Three Engines—One Design Concept: MAN B&W's State-Of-The-Art Propulsion Family For The 90s

In the near future, an optimally graded MAN B&W four-stroke engine program of state-of-the-art design will be available in the output range between 3,300 kw and 12,000 kw, equipped to meet the propulsion requirements of the 90s. The new family is comprised of three MAN B&W medium-speed engines, all modeled on the same design principles.

Beginning with the largest engine, the L58/64, MAN B&W has created an engine series for a class of toprated engines designed with a view of achieving economy and reliability and equipped with every manner of future-orientated, technical and economical design characteristics.

With a piston diameter of 580 mm and a stroke of 640 mm, the L58/64 engine develops a cylinder output of 1,325 kw at a speed of 428 rpm, i.e., in the nine-cylinder version the engine is capable of an output of approximately 12,000 kw.

The "little brother," L40/54, which successfully completed its test bench trials at the end of 1987, with its cylinder output of 665 kw is modeled on the basic design concept of the L58/64 engine, an engine that has since proved itself in operation in numerous ships' propulsion plants. The first seven L40/54 engines will be supplied in early 1989.

The L48/60 engine currently under development plugs the output gap between the 40/54 and the 58/64 with its 885-kw per cylinder at a speed of 450 rpm. This engine was also modeled on the same futureorientated design concept.

All three engines are supplied as in-line configuration engines with between six and nine cylinders.

The principle design features of the MAN B&W medium-speed engine generation include: Very stiff, monoblock frame casing; underslung crankshaft; individual cylinder jackets, resulting in minimum deformation from gas and mass forces and thermal influences; connecting rod—optimized marine head design with parting line in the upper region of the rod shaft, i.e., extremely low overhauling height; exhaust valves arranged in cages resulting in simplified maintenance of components.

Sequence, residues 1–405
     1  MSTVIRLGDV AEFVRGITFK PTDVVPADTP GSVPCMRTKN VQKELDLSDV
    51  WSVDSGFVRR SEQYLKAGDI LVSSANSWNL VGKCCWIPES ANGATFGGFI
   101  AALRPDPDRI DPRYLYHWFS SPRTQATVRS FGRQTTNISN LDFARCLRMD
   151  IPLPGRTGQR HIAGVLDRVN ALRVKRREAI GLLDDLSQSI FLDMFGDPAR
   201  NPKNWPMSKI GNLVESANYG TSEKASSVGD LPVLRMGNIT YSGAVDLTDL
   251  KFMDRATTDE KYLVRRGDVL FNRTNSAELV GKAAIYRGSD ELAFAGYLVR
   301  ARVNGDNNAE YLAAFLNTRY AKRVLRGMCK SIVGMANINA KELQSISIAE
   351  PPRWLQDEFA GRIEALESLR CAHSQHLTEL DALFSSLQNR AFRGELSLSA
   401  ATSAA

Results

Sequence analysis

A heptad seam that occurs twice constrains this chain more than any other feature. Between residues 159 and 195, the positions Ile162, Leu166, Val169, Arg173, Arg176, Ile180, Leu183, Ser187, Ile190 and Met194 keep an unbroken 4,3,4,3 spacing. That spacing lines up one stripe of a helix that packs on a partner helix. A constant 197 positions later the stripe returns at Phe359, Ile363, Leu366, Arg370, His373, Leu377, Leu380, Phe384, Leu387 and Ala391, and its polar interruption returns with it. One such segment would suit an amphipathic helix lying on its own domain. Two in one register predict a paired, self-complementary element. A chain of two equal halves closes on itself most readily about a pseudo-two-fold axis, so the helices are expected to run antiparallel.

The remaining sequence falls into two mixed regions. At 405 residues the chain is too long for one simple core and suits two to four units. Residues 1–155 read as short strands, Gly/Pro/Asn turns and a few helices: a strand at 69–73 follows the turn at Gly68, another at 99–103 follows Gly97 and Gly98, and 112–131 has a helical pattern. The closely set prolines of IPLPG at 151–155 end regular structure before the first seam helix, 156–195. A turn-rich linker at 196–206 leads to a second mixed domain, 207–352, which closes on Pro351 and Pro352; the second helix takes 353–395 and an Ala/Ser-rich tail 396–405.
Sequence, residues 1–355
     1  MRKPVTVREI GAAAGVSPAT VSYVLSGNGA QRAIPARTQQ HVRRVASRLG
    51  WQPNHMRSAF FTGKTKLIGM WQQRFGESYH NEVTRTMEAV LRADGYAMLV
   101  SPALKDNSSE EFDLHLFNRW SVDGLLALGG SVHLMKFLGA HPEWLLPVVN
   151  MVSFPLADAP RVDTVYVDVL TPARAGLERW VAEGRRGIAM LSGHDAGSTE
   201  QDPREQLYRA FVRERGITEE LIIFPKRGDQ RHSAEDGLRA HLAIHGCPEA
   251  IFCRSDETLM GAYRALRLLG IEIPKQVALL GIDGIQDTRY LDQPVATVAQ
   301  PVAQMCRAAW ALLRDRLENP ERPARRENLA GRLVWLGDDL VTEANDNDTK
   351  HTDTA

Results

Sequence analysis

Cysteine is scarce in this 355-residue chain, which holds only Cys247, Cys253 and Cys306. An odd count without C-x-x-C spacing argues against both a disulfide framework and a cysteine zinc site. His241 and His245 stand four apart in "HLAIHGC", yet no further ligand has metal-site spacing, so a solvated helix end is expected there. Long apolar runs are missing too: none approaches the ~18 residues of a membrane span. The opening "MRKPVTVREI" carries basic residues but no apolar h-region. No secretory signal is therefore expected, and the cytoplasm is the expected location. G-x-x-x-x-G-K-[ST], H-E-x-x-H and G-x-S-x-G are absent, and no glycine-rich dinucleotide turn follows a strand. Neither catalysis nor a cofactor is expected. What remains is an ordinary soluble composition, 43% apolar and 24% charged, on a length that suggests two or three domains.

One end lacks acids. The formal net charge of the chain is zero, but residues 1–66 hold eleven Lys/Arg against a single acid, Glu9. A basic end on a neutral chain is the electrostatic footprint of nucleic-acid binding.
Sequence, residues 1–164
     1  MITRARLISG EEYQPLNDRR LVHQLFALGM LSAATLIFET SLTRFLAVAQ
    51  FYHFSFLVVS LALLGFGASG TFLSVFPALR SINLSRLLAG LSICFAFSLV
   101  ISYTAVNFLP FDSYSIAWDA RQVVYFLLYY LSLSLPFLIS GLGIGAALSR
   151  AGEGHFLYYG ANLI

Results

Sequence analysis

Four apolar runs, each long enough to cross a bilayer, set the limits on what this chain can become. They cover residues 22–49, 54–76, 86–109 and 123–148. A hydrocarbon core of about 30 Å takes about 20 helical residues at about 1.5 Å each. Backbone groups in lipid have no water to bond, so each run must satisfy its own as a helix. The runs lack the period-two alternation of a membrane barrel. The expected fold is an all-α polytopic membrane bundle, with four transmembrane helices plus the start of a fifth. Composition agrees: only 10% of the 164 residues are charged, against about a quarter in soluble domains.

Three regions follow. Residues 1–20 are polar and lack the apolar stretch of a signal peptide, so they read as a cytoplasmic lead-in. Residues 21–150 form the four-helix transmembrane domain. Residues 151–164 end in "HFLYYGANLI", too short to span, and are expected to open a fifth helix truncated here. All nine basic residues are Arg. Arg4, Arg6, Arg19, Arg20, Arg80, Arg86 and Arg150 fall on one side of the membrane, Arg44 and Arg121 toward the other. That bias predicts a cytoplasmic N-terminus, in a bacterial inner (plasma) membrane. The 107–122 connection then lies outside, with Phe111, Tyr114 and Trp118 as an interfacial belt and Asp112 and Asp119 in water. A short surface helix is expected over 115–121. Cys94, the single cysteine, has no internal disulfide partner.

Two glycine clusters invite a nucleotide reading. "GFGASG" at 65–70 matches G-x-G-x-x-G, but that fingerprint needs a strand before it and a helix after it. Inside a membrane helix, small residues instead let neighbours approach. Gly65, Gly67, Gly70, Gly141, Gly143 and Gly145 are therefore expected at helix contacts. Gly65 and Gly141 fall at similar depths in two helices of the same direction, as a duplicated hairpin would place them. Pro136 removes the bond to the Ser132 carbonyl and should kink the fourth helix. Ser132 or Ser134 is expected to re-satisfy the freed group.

Also, propellers on the exhaust valve cones, resulting in rotation of the valve by the gas flow—valve seats remain free of deposits over many thousands of operating hours; fuel-optimized injection system with "economy plunger" and highinjection intensity; adjusting mechanism for optimizing the injection timing during engine operation; constant pressure turbocharging, i.e., higher turbocharger efficiency and low component temperatures; high compression ratio and correspondingly adjusted valve timing for problem-free and trouble-free HFO operation; consistently even exhaust gas temperature after turbine over a broad operating range ensures optimum utilization of waste heat.

MAN B&W's exhaust gas turbocharger with a very high level of aggregate efficiency over the entire load range permits a part of the exhaust gas flow to be branched off and utilized in a turbo-compound system, thus raising the aggregate efficiency of the propulsion plant; resilient mounting of the engines— the rigid design makes it possible to arrange the resilient bearing elements directly on the engine lands.

Low maintenance requirement thanks to an optimized maintenance concept: with only three different hydraulic tools, all the main screw connections can be slackened and re-tightened; rocker arm covers can be opened without great physical exertion and fix themselves in the open position; and the design and arrangement of the rocker arms makes for swift and simple removal of the exhaust valves.

According to MAN B&W, their new generation of medium-speed engines offer further reductions in fuel consumption rates (85% ECR): L40/54—172 b/kWh, L48/60—169 g/kWh, and L58/64—167 g/kWh; lube oil consumption rates of less than 1 g/kWh; significant reductions in pollutant emission levels; extensive utilization of various engine waste heats, resulting in a high aggregate efficiency of the propulsion system; long wear component lifetime and thus a low spare parts requirement; a simple maintenance concept tailored to the practice of day-to-day engine operation ensures short maintenance and turnaround times, which in turn means high engine availability and reduced manning levels.

For more information and free literature on MAN B&W engines, Circle 16 on Reader Service Card

Maritime Reporter Magazine, page 10,  Dec 1988 Echo

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Maritime Reporter

First published in 1881 Maritime Reporter is the world's largest audited circulation publication serving the global maritime industry.